You Might Have Forgotten to Schedule This Annual Visit

HEARING TIPS

Woman with her schedule open calling to make an appointment for a hearing test.

Even if you have glasses (the type you put on your face, not the kind you drink out of), you still see your eye doctor once a year, right? Because your eyes change as time passes. Nothing in your body is static, not your eyes and not, it turns out, your ears either. That’s why, just as it is with your eyes, it’s essential to keep getting your ears tested even after you’ve purchased a nice pair of hearing aids.

Many individuals, unfortunately, neglect those annual appointments. Perhaps a visit to their doctor is taking a back seat to enjoying life. Or perhaps, work has been particularly difficult this year. Or perhaps, you’ve just been so satisfied with your hearing aids that you haven’t had a reason to go back in. That’s a good thing, right?

Scheduling a hearing test

Let’s take Daphne as a fictional example. Daphne has been observing some red flags associated with her hearing for a while now. She keeps turning the TV up. When she goes out after work to a noisy restaurant, she has trouble following conversations. And so, she goes in to have her hearing tested (because she’s intelligent and she takes care of herself).

Daphne makes certain to follow all of the steps to manage her hearing impairment: she purchases hearing aids, which are then precisely fitted and calibrated, and then she gets on with her life.

Issue solved? Well, yes and no. Going in for an exam allowed her to catch her hearing loss early and that’s great. But for most individuals with hearing impairment, even a minor one, follow-up care becomes even more significant in the long run. Maintaining regular appointments would be a smart plan for Daphne. However, one study found that only around 33% of senior citizens with hearing aids get routine check-ups so Daphne isn’t by herself.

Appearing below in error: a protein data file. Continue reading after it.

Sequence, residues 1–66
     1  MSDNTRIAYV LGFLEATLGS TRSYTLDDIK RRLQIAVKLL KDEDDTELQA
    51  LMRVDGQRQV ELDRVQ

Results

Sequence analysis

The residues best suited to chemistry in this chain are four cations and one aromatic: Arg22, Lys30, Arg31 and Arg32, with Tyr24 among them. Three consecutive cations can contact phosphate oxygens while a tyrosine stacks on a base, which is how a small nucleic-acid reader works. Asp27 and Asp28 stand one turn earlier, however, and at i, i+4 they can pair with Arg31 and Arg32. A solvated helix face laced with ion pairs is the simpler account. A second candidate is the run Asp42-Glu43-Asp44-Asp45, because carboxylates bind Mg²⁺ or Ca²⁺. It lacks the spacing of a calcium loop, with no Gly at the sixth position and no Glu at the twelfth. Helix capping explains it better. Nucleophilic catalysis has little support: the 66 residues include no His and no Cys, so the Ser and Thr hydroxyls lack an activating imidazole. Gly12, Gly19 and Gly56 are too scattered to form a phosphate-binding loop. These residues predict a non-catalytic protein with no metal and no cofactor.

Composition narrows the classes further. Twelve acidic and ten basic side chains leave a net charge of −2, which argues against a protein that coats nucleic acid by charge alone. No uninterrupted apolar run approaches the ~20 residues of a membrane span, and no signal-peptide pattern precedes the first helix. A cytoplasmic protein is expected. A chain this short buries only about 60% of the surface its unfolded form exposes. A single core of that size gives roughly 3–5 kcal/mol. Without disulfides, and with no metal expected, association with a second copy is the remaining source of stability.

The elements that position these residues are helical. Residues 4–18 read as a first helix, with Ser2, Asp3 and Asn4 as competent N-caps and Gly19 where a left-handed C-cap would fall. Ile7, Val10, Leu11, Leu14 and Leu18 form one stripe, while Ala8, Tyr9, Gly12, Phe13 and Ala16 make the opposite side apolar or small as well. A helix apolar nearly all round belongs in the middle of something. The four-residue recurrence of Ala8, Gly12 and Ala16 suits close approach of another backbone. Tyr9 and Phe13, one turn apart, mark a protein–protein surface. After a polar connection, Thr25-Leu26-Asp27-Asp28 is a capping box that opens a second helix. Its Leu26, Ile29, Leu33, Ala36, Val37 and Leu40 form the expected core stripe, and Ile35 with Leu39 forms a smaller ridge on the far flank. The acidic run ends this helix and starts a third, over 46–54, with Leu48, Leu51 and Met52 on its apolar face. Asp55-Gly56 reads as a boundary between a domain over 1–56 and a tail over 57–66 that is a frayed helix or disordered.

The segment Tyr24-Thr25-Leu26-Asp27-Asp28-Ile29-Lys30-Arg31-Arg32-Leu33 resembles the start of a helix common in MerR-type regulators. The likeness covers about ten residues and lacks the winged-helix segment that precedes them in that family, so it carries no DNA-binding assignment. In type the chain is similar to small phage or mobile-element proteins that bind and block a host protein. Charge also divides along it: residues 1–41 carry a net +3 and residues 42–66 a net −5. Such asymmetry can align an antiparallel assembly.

Why do you need check-ups after you get hearing aids?

Remember when we used the glasses metaphor earlier? Daphne’s hearing won’t become static and stop changing just because she uses hearing aids. Her hearing aids will have to be fine-tuned to counter those changes. Periodic testing helps keep track of any changes in hearing and catch issues early.

And that isn’t even the only reason why it might be a smart idea to keep regular appointments once you get your hearing aids. Here are some of the most important reasons:

  • Your fit may change: It’s possible that there will be a shift in the way your hearing aids fit as your ears are always changing. Regular check-ups can help guarantee that your hearing aids continue to fit the way they’re designed to.
  • Hearing deterioration: Your hearing could continue to deteriorate even if you use hearing aids. If this deterioration is slow enough, you probably won’t recognize it’s happening without the aid of a hearing screening. Proper alterations to your hearing aids can frequently slow hearing declines.
  • Hearing aid calibration: While your overall hearing health may remain stable, small changes in your hearing may produce the need for yearly calibration of your hearing aid. Without this calibration, your hearing aids could slowly become less and less effective.

Dangers and hurdles

The issue is, Daphne may, in her frustration, quit using her hearing aids entirely because they’re not functioning properly. Using hearing aids helps slow hearing loss over time. If you stop using them, not only can your hearing deteriorate faster, you may not detect it right away.

When it comes to attaining efficient performance of your hearing aids, and optimal hearing, routine hearing assessments are vital. Yearly hearing exams or screenings can help you ensure your hearing aids are functioning as they should and that your hearing stays protected.

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The site information is for educational and informational purposes only and does not constitute medical advice. To receive personalized advice or treatment, schedule an appointment.

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